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Newfoundland Regiment





The Somme, 1916

Other Battles: 1916-1917

1918 - End of the War

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Other Battles: 1916–1917

Three months after the disastrous Beaumont Hamel attack the regiment was back in action. On October 12, 1916, in Gueudecourt, France, the Newfoundlanders captured the German “Hilt Trench” and inflicted massive casualties on the enemy. A war correspondent for the Newfoundland Quarterly stated that “Newfoundland had got her own back.” The remainder of 1916 was relatively quiet for the regiment, although in November they suffered another 20 casualties at Leboeufs.

Throughout its 1917 campaigns, the regiment earned a well-deserved reputation for self-sacrifice and tenacity in battle. Before the year was done Le Transloy, Arrras, Scarpe, Ypres, Langemarck, Poelcappelle, Cambrai, and Courtrai were added to the regiment’s list of battle honours.

From February 26 to March 3, 1917, the Newfoundlanders distinguished themselves by repelling a German advance at Sailly-Saillisel, France. This was followed a month later by the action at Monchy-Le-Preux. The major offensive occurred on April 14 when the 88th Brigade was to seize the enemy’s front lines. Losses to the regiment were second only to the losses at Beaumont Hamel—486 casualties, including 166 killed or mortally wounded. Another 150 became German prisoners, and 28 of these died in captivity.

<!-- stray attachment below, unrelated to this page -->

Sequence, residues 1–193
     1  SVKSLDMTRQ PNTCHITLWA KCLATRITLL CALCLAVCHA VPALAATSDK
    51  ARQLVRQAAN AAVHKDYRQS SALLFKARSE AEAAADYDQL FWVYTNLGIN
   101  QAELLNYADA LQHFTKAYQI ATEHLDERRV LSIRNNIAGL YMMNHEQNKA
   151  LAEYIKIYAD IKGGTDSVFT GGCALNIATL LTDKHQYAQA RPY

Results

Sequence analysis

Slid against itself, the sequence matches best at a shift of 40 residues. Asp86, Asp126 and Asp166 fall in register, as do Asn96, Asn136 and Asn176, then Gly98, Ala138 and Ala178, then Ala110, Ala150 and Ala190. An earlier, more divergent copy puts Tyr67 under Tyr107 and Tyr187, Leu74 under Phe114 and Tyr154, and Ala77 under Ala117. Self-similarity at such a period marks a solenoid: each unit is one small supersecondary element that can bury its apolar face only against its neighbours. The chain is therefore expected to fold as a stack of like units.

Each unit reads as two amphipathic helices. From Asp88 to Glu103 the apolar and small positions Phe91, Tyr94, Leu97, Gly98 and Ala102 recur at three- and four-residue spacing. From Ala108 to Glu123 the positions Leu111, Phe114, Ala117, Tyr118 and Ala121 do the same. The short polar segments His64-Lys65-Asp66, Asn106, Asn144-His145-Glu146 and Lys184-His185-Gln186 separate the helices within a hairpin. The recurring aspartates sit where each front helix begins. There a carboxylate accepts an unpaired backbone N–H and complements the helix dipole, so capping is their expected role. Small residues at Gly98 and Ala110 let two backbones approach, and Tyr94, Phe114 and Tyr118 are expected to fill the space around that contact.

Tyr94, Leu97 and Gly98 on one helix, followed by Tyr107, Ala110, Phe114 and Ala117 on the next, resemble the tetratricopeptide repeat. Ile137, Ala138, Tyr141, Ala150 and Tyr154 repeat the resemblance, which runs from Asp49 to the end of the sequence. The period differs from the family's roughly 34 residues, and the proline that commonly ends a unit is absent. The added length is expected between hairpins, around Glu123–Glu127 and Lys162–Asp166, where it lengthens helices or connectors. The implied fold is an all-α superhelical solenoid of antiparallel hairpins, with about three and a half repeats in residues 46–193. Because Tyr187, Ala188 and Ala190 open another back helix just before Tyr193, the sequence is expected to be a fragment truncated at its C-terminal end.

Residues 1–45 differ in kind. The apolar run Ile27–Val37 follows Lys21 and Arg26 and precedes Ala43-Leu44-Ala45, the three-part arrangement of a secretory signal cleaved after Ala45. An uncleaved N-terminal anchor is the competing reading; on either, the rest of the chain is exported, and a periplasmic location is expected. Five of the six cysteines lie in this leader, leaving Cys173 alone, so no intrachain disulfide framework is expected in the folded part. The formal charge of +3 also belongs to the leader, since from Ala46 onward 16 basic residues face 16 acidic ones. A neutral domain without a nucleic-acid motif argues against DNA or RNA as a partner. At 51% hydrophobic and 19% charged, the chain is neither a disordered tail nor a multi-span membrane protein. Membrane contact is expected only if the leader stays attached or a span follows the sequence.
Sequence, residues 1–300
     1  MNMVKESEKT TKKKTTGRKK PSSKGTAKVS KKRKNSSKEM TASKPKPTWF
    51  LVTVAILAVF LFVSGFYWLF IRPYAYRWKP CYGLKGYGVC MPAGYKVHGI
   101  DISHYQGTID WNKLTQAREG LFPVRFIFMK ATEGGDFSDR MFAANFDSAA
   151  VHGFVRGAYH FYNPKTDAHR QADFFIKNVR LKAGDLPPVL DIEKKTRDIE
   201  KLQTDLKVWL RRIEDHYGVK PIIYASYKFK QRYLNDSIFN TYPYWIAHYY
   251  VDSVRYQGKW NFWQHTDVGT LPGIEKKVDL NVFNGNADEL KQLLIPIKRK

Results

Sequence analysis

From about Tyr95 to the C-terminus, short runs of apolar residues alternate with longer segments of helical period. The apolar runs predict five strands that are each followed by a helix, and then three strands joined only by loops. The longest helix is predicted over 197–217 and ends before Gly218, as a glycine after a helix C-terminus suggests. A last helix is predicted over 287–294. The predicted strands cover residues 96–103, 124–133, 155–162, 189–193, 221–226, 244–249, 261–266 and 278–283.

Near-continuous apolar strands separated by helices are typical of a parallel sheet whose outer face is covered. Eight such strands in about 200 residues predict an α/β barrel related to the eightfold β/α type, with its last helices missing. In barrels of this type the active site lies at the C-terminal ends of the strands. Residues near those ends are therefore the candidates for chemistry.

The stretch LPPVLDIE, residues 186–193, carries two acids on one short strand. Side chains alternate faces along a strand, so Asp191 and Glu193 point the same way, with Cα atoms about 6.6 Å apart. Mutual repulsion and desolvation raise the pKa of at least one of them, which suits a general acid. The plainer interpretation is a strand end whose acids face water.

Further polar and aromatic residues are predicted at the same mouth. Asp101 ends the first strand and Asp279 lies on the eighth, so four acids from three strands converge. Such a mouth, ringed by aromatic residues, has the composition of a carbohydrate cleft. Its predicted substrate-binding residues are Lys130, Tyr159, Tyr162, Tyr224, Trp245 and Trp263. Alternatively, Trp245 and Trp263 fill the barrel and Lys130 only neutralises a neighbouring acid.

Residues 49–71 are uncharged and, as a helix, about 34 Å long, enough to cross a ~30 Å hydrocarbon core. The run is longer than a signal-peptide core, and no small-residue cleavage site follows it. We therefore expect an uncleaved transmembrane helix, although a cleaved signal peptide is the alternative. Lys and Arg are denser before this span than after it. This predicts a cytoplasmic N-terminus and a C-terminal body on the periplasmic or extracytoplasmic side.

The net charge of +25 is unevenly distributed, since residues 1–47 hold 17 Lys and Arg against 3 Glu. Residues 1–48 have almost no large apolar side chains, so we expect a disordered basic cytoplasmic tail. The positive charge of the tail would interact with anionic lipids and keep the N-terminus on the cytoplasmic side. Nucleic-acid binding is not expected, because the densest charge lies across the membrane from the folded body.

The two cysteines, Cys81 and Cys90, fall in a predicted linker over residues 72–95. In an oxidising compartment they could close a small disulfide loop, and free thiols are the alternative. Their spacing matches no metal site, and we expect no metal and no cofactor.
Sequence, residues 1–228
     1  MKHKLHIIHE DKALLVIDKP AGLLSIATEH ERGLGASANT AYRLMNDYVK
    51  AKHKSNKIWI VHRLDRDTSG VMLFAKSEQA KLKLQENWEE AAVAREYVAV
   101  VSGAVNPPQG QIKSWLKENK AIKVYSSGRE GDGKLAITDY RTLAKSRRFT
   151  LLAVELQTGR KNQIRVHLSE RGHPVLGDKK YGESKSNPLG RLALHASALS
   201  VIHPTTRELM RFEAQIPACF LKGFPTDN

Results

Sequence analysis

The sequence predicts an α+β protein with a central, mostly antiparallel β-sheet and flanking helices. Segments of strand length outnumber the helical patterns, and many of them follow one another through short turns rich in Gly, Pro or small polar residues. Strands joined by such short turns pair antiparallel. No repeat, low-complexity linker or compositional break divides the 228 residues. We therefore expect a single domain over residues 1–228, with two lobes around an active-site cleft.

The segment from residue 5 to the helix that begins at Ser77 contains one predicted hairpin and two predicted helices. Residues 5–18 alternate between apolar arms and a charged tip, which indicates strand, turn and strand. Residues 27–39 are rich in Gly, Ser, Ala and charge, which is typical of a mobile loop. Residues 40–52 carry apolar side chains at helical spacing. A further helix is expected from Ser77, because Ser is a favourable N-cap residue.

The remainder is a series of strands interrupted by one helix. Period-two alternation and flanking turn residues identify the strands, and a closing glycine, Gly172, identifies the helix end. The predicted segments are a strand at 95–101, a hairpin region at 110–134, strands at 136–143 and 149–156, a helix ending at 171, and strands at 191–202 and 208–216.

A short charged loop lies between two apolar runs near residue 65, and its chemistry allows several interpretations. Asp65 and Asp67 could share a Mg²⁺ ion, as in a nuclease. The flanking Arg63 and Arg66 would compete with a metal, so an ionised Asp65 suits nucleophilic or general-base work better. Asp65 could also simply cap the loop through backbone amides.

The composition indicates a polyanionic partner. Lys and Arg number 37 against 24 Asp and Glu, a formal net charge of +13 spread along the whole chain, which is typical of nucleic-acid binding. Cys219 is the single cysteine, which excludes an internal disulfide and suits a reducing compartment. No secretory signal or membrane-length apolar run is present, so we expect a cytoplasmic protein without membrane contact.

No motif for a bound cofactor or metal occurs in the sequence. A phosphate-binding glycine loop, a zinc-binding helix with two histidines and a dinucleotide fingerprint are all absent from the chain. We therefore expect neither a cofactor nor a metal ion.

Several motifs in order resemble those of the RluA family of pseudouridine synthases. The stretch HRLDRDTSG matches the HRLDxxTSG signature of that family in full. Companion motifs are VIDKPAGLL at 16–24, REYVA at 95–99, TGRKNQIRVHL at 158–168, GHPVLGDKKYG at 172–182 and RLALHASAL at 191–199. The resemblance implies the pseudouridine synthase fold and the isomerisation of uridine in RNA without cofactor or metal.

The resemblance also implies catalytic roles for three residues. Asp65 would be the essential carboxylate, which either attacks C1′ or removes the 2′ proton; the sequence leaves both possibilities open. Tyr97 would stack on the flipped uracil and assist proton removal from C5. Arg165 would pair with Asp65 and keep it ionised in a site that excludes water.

Writing for the Catholic Cadet in August 1917, Padre Thomas Nangle stated that Newfoundland troops “were all that soldiers could be . . . On July 1, 1916, Newfoundlanders taught the world how to die. On October 12th [1916], they showed the world how they could fight, but on that dreadful day, Saturday, April 14, 1917, the men of the regiment combined the two” (Nangle 29).

Later in 1917, the regiment fought and earned the highest praise for its conduct in battles at Steenbeek, Langemarck, and Masnieres at the St. Quentin Canal. In December 1917, in recognition for their distinguished conduct in battle, and to aid the recruiting effort at home, the British bestowed the title “Royal” on the regiment. In the annals of British military history there are only two examples of such an honour being bestowed while a war was in progress. The Williamite Royal Regiment of Foot in Ireland, 1695, and the Princess Charlotte of Wales Royal Berkshire Regiment in 1885. In just over two years the regiment had evolved from an ill-equipped and under-trained group of civilians into a crack unit of the British Army.